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June 14, 2019 Friday 03:13:44 PM IST

'Draft New Educational Policy Comprehensive, Hurdles Likely in Implementation'

Rajagiri Round Table

The draft New Educational Policy released by the Ministry of Human Resources Development is very comprehensive and in keeping up with the changing dynamics of society but may face several implementational challenges, according to a cross section of experts who attended the 49th Rajagiri Roundtable titled New Education Policy: Vision on School Education held on 12th June, 2019 at Rajagiri School of Engineering and Technology (RSET). Mr R Ramabhadran Pillai, Editor of Pallikkutam Magazine introduced the topic, welcomed and introduced the panelists.
Dr D Dhanuraj, Chairman of Centre for Public Policy Research (CPPR) said that the draft report addresses many issues facing the school education system. It recognises the fact that pre-primary education currently faces many problems and it is the responsibility of the state to develop this segment. It recognises the fact that the child of 3-6 years of age is ready to learn, imbibe new knowledge and the State has neglected this age group which can be the most productive period of initiation into the world of learning, Dr Dhanuraj said. "The report is trying to reflect on all the changes that are happening in the world, how technology can be effectively used to impart education in an interesting manner."
Dr M C Dileep Kumar, former Vice Chancellor of Sree Sankaracharya University of Sanskrit said that the biggest challenge will be in implementing the report recommendations across the country with diverse languages and cultures. There are bound to be objections from different quarters to change and how administrative efficiency can be improved is a question that should haunt policy makers. It is nevertheless a task oriented report and it would be better if a comparative study is done on the existing reports under implementation- the Kothari Committee Report of 1966 and the 1986 Education Policy report, he added. 
Ruby Antony, Vice Principal of Rajagiri Public School, Kalamassery said that the existing educational system based on the Kothari Committee and 1986 Educational Policy is no more sufficient to impart 21st century skills. In the last six decades it had helped create a large army of English speaking graduates, scientists and engineers skilled in maths and sciences and they were the envy of the world. But with globalisation of learning and advent of internet, the rote -based learning and exam based teaching methodologies were not delivering results. Our students were performing badly in  several international assessments. The 10 + 2 system with its emphasis on marks and the rush for getting admission into professional colleges had resulted in mushrooming of tuition and coaching centres. She said that the government schools were largely neglected and Sarva Shiksha Abhiyan failing to deliver results the system itself was crying for change. The new draft polcy is a welcome step taken by the India Government and it involves a total restructuring of school curriculum and pedagody.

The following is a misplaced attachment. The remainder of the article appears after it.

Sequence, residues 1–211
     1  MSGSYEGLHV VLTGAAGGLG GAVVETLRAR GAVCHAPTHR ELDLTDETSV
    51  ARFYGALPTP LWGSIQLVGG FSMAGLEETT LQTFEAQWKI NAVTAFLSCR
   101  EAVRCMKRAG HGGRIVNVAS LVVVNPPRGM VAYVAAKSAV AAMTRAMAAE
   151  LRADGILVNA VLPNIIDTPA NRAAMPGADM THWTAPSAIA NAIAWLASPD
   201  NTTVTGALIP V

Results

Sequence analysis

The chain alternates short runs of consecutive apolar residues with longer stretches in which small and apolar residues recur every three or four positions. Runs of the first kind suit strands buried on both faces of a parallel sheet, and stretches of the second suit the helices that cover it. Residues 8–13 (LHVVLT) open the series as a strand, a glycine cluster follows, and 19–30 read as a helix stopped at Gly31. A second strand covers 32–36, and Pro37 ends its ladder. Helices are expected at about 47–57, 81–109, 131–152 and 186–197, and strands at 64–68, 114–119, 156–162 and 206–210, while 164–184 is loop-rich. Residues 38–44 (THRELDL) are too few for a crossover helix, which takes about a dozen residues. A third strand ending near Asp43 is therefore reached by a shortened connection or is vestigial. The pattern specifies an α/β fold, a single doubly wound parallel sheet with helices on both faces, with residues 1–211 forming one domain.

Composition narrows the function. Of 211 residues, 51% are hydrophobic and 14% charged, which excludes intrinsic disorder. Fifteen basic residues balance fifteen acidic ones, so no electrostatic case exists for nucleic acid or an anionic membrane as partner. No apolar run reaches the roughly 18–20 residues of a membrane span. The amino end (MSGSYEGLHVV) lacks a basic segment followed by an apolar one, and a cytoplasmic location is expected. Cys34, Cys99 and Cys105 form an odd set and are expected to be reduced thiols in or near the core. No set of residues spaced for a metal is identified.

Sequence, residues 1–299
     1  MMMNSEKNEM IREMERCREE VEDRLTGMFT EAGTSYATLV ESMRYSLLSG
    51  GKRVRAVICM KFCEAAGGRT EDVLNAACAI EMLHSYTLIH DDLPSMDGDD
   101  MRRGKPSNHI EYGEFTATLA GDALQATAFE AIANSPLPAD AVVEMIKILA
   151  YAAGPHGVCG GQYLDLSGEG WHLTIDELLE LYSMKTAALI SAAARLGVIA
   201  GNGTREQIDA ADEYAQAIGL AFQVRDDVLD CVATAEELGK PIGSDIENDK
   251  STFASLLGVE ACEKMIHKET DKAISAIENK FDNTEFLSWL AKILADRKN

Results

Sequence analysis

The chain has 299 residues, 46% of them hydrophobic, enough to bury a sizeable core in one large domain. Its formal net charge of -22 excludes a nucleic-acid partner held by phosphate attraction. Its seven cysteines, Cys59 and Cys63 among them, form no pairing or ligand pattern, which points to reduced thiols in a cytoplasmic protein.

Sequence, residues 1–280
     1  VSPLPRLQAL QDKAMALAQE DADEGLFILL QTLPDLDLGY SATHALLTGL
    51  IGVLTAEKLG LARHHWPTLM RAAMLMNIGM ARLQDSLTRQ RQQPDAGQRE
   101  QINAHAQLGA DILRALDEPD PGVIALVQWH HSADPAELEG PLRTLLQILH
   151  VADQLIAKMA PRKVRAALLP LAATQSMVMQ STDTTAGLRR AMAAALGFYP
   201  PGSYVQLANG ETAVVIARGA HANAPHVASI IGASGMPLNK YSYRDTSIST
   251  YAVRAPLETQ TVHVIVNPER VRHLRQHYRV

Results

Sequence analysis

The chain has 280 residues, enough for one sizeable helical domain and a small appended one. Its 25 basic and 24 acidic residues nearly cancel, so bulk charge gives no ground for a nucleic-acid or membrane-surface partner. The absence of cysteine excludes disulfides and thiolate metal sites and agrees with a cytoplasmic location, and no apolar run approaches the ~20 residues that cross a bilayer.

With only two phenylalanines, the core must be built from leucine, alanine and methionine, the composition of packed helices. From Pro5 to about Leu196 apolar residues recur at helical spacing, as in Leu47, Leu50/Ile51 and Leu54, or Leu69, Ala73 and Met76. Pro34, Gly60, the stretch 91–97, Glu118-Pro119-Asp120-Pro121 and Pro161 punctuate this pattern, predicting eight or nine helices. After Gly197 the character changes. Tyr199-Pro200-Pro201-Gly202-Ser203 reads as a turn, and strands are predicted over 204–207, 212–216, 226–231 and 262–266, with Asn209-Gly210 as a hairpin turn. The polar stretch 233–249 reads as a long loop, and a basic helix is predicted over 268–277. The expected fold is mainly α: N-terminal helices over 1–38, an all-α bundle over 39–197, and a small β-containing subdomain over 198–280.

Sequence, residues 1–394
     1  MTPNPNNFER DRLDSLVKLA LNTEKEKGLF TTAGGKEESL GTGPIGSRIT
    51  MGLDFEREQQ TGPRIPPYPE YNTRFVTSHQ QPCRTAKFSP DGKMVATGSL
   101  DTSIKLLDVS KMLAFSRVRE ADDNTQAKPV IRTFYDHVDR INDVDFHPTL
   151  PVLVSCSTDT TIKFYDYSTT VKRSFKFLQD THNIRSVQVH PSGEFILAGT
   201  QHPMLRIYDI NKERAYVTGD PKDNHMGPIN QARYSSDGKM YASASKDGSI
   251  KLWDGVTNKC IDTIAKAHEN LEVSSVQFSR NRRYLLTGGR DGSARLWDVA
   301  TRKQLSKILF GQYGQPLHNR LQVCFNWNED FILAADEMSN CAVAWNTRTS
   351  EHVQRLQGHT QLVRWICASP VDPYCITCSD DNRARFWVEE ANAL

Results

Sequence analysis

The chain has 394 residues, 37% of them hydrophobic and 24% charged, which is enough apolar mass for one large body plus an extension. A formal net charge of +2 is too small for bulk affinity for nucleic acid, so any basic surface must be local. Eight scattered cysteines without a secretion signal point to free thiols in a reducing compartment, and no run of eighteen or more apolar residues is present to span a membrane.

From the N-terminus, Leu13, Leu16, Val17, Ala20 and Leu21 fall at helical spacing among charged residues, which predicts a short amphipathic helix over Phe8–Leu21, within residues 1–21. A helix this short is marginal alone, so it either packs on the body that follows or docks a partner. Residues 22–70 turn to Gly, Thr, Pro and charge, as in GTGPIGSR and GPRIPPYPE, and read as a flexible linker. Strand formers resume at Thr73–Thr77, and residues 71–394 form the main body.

Sajeev Kumar PP, District Member of All India Save Education Committee said that any new policy should take into account the social realities- the average income, life style, customs and traditions of our diverse nation that has 135 crore population. He also felt that there should be a rethink on whether we have attained the objectives set out in the Kothari Commission and the 1986 Education Policy.

Dr Dhanuraj said that the restructuring of the 8-12 grades in school into 8 semesters with a student allowed to take an examination any time during the year is a welcome step. However, he expressed the fear that since the report challenges existing institutional structures and authority including a regulatory body for the state, 99% of the recommendations may not be implemented. 
Dr Job Kuruvila was of the view that the report is excellent but most often educational reforms in the country or its attainments  usually talk about quantity not stressing on quality of education. Inputs in education are tangible but output is intangible. He felt  that the report is blind to the realities of India’s education system and unless 13-14% of GDP is allocated to education, much of the reforms cannot be implemented.
Dr PR Poduval, Former Director of School of Communication and Management Studies at CUSAT said that the real problem  in implementing this report was that resources are not there, teachers are not ready, parents are not ready and education has become a matter of politics. 
(This is the first of the four part series on the deliberations of the 49th Rajagiri Roundtable to be pubished in Pallikkutam.com. The major recommendations of the panel of experts will be forwarded to the Ministry of HRD before June 30 and also published as a comprehensive report in Pallikkutam Magazine July 2019 issue).


                                                 

 


 

 



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